Stochastic Bookmark

abstruse unfinished commentary

about correspondence


Quick takes

Gilbert Sorrentino, The Moon in its Flight: "I have attempted to tell this story many times over the past years, the past decades, for that matter. I've not been able to bring it off. I've never been able to invent—inhabit, perhaps—the proper narrational attitude. I begin to invent plausible situations that soon falsify everything, or unlikely situations that, just as soon, parody everything." So begins "In Loveland", but it applies to much of this short story collection: See Derik Badman & Dan Green for elaboration, with which (or whom, whatevar) I largely but not fully concur, in part because it's interesting to see how (if not why) the particular storyline fails to gel (if it had, perhaps into a novel? anyway, of these, the last is best), but on the whole this book feels the least of what I've read of his (which is a lot, but not all, and not his poetry at all). For the rest, "A Beehive Arranged on Humane Principles" and a couple of shorter pieces feel Barthelmean rather than Sorrentinose.

RSB has a couple RCF pieces on him, by Andrews and Creeley (cf Creeley's afterword to Splendide-Hôtel); also, a '94 interview with Laurence.

Alejo Carpentier, The Kingdom of This World (trans Harriet de Onis): "Magical realism" begins here (as lo real maravilloso in Carpentier's original preface to this novella), and here is much sparer and so more powerful than it later became (in Boom works such as The Explosion in the Cathedral—b'dum-pssh—). The life of the protagonist, Ti Noël, spans the Haitian slave rebellion against whites, then blacks, ending with mulattoes in the synthascendent, while religion shades from Catholic to Vodou — written while the former waged holy war on the latter. This is less to the point than the animism bracketing the story.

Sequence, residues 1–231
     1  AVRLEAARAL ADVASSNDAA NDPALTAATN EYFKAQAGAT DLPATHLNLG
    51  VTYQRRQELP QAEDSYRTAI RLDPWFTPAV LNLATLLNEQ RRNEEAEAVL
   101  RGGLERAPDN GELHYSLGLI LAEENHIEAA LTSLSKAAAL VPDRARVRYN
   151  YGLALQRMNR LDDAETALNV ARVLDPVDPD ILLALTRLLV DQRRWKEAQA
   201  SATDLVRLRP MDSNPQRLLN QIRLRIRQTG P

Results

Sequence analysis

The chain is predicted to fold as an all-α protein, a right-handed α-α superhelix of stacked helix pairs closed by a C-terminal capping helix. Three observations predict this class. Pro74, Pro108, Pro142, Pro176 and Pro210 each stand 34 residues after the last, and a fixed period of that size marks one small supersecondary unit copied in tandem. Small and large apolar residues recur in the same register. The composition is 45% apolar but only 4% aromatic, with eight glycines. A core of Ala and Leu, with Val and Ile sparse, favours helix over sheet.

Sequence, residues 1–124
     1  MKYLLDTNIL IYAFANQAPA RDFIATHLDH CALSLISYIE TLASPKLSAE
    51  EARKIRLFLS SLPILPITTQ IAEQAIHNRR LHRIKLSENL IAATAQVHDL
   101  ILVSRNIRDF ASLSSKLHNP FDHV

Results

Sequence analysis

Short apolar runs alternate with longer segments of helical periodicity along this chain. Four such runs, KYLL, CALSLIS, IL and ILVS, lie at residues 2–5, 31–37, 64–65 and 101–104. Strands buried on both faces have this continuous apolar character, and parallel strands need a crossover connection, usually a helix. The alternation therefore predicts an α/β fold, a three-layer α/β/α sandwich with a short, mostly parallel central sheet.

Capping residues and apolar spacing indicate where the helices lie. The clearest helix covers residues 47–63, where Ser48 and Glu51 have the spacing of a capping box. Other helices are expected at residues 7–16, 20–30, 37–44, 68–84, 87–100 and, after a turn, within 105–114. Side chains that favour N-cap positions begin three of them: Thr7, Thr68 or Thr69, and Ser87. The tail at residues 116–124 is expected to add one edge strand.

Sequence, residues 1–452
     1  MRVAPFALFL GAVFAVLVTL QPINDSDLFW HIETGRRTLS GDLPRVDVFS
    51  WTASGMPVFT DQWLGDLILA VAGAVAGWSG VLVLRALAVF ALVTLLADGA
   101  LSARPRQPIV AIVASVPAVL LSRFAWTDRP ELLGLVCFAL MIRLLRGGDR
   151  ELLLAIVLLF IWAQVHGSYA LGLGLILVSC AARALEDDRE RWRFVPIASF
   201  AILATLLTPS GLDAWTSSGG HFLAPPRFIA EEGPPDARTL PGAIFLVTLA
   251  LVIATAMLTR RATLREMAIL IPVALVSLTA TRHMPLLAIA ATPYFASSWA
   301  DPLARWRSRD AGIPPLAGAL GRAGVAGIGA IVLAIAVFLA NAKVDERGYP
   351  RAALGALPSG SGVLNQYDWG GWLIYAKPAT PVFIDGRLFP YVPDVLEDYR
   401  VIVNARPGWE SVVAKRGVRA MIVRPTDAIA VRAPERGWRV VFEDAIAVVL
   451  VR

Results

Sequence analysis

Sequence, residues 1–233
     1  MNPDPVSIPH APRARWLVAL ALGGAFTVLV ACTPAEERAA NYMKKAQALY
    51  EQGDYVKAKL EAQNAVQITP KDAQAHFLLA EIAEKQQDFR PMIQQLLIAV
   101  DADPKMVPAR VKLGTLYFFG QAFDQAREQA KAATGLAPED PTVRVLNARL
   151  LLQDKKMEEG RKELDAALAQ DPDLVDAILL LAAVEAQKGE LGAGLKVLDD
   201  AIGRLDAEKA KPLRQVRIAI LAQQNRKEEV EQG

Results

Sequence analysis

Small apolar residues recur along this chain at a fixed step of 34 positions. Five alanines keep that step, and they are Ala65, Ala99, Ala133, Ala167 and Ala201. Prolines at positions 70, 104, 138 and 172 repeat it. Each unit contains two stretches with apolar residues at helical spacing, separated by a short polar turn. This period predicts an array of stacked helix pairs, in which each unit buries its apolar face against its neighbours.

Graham Greene, The Comedians: I'd put off reading this until had a better sense of Haitian history, for which the preceding sufficed. Planned as an "entertainment", it became much more, a book that had an effect, and yet the cycle continues. More timely if less timeless than Carpentier. I suppose who the comedians are depends upon the stage set for them.

Danilo Kiš, The Encyclopedia of the Dead (trans Michael Henry Heim): I usually don't come back so quickly to an author, but Kiš is exceptional. The stand-out stories are those influenced by Borges: The title cut combines Aleph and Library, while "The Book of Kings and Fools", whose subject may have inspired Tlön, suppresses some details while others are imaginatively conjectured. Most of the stories derive from prior art or incident, but others (e.g., "The Story of the Master and the Disciple") seem to converge upon it. Kiš provides a postscript commenting on each story in turn (he notes the LDS genealogy project wrt "Encyclopedia", after the fact; I seem to recall Borges noting it in a similar context, don't know where). So rather than excerpting any of the stories, I'll include the last words of this testament:

"The reference to the 'arch-materialist Diderot' derives doubtless from the following letter, which I discovered thanks to Madame Elisabeth de Fontenay: 'People who have loved each other in life and ask to be buried side by side are not perhaps so mad as is generally supposed. Perhaps their ashes press together, commingle, and unite . . . What do I know? Perhaps they have not lost all feeling, all memory of their original state; perhaps a remnant of warmth and life continues to smolder in them. O Sophie, if I might still hope to touch you, feel you, unite with you, merge with you when we are no more, if there is a law of affinity between our elements, if we were destined to form a single being, if in the train of centuries I were meant to become one with you, if the molecules of your moldering lover had the power to stir and move about and go in search of your molecules dispersed in nature! Leave me this wild fancy; it is so dear to me, it would ensure me an eternity in you and with you . . .'"


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